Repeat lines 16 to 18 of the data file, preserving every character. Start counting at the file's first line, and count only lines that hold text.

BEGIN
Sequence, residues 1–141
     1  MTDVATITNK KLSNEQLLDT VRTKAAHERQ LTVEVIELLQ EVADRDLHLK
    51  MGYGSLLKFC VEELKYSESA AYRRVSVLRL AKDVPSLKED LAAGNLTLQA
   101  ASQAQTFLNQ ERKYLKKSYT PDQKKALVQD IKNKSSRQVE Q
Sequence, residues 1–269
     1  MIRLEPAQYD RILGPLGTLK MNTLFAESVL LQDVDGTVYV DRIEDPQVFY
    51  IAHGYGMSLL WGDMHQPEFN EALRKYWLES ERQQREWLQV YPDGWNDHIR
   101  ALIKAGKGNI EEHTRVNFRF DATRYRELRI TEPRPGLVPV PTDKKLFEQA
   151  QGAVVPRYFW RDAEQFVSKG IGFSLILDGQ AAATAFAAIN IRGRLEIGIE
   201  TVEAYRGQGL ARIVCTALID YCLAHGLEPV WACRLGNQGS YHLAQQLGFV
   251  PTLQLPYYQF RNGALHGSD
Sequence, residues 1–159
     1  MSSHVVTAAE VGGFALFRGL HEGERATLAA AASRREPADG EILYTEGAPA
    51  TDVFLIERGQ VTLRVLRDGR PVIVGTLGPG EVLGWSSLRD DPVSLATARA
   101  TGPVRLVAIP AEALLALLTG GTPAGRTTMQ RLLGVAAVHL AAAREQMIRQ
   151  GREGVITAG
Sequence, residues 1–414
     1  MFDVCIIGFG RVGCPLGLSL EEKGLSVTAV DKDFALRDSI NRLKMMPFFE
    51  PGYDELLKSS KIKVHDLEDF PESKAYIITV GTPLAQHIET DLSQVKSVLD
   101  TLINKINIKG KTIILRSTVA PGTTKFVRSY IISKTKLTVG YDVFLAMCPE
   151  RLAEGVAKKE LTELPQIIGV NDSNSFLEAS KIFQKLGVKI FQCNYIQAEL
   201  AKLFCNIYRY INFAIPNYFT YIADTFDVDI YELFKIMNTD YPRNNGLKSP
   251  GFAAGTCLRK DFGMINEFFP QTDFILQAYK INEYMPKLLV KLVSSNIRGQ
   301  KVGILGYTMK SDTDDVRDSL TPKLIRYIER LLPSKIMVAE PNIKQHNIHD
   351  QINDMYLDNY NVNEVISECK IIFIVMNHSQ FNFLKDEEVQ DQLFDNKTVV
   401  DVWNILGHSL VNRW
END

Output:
   151  GREGVITAG
Sequence, residues 1–414
     1  MFDVCIIGFG RVGCPLGLSL EEKGLSVTAV DKDFALRDSI NRLKMMPFFE